A Parliamentary panel has said that India will need another 25 years more to achieve farm mechanisation level already achieved by Brazil, also a developing country. Asking the government to achieve that level earlier, the panel has said that unless machines appropriate for small holdings are made available or substantial farm amalgamation takes place, it will be difficult for the small and marginal farmers to purchase their own machinery.

The report of the Standing Committee on Agriculture, Animal Husbandry and Food Processing on “Research and Development in Farm Mechanization for Small and Marginal Farmers in the Country”, placed in the Lok Sabha on February 7, said that the overall agriculture mechanisation level of the country is 47 per cent, which is comparatively lower than that of other developing countries such as China (59.5 per cent) and Brazil (75 per cent).

“It is expected that another 25 years are required to achieve the level of 75-80 per cent mechanisation from the present level of 47 per cent,” the report said.

The government has already working to make India a developed country by 2047 and the Agriculture Ministry should work hard to ensure that farm mechanisation does not fall below Brazil’s level even after becoming a developed country, a member of the panel said.

Stressing that farmers need a complete mechanisation package for major crops, the Committee said that the contribution of agricultural mechanisation in India leads to a 15-20 per cent saving in seed, 15-20 per cent in fertiliser, 7-25 per cent improvement in germination rate, 20-30 per cent saving in time, 20-40 per cent in weed, and 20-30 per cent in labour. Furthermore, it also said that agricultural mechanisation increases 5-20 per cent in cropping intensity and 13-23 per cent in crop yield.

As 86 per cent of the 14 crore farmers in the country are small and marginal farmers with less than two hectare of land and who do not have adequate funds to purchase capital intensive implements, the Committee has suggested that farm machinery should be developed and further incentivised for those farmers.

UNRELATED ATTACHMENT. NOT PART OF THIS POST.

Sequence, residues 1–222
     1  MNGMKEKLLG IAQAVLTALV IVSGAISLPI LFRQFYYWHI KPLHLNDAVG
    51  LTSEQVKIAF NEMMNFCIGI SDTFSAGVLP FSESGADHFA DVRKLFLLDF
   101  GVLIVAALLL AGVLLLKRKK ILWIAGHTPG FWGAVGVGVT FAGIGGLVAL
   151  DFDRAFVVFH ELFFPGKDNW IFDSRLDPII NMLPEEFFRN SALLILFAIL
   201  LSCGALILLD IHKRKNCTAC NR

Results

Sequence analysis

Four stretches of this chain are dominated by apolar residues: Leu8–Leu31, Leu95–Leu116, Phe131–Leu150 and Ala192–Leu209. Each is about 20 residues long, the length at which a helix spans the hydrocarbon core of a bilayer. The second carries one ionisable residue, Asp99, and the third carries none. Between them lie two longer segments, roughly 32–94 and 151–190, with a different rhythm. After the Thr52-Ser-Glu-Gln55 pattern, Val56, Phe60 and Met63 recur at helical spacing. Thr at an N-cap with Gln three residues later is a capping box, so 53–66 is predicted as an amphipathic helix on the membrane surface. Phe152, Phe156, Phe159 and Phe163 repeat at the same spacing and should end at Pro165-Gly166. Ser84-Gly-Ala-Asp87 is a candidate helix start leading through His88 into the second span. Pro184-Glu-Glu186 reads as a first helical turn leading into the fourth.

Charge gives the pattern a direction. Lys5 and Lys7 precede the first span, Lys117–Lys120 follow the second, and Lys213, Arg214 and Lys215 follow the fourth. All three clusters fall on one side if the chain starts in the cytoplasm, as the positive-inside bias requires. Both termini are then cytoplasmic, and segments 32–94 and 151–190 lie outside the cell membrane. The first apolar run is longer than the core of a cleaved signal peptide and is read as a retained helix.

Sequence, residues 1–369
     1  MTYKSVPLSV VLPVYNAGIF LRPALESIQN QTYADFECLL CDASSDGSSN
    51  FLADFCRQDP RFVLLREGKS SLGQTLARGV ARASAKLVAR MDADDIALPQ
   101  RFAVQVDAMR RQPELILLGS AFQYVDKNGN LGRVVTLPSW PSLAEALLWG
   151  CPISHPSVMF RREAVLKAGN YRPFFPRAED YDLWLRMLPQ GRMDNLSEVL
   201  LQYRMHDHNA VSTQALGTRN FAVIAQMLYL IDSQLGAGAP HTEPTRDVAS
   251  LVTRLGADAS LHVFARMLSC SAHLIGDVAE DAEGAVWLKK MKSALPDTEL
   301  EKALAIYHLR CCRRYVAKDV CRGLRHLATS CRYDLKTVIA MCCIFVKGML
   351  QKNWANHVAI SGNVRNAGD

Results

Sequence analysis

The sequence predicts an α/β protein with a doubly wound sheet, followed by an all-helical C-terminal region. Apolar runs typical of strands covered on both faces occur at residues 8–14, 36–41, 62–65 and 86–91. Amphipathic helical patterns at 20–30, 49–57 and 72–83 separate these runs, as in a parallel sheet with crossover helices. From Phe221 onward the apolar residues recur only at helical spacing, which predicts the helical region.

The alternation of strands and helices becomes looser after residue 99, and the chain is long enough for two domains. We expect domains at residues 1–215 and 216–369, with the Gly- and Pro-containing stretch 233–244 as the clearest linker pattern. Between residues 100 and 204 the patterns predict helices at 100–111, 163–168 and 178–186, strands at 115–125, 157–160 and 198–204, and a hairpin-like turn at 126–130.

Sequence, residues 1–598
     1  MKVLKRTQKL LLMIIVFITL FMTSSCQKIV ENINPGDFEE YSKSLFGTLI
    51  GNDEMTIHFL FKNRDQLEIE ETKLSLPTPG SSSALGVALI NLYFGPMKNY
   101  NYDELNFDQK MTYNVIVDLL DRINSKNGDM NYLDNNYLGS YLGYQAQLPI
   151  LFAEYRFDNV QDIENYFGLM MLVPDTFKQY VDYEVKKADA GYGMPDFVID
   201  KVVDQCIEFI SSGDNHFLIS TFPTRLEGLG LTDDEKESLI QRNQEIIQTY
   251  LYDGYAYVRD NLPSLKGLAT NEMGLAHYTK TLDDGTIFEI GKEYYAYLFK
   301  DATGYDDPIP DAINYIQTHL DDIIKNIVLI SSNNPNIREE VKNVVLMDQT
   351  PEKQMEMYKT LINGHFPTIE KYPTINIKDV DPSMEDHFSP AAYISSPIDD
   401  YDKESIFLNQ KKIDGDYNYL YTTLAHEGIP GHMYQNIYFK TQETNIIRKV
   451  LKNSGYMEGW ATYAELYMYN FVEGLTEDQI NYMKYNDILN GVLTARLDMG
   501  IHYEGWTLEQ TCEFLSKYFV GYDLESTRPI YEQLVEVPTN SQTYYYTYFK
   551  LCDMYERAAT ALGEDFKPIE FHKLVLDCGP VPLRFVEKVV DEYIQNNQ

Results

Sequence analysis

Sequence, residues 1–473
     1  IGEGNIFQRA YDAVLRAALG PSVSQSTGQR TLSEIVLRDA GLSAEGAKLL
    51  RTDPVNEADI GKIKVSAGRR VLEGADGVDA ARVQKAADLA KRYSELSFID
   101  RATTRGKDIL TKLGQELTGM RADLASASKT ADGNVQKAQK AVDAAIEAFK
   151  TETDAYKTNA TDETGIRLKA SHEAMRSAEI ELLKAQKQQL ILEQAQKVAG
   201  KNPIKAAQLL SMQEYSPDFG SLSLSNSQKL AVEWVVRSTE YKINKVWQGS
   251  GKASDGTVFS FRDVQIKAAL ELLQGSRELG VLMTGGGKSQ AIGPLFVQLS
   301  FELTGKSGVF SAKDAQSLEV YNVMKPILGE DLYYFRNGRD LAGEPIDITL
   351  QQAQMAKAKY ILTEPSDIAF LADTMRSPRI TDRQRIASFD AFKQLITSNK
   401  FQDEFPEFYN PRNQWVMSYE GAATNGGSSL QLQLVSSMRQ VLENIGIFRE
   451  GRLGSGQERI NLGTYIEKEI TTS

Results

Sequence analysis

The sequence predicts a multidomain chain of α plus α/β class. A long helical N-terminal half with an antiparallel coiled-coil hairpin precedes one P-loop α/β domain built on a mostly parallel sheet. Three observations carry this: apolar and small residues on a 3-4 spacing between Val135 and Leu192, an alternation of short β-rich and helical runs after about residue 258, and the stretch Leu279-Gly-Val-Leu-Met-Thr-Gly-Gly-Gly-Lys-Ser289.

It also noted that the government has taken various initiatives and is helping farmers by providing subsidy to procure machinery to improve farm input and farm-power availability. However, it said, “the Committee strongly desires that the government must strive hard to achieve a level of 75 per cent in farm mechanisation from the present level of 47 per cent in a much shorter period than that which has been stated by the Department, which is 25 years.”

Noting that the Ministry of Agriculture was silent on this recommendation, it said, “The Committee, therefore, once again stresses upon the Department that the desired farm mechanisation level should be achieved in a shorter period than the period, which has been stated by the Department. The Committee would like to be informed of the action taken in this regard.”

The report also mentioned that the Agriculture Ministry has already stated about various constraints in farm mechanisation, including the average size of operational holdings, which is shrinking in all States and the increasing number of marginal, small, and semi-medium operational holdings due to continuing fragmentation of land. Still, the Department of Agriculture and Farmers Welfare is actively boosting mechanisation levels by implementing the Sub-Mission on Agricultural Mechanization (SMAM) to overcome existing constraints in agriculture.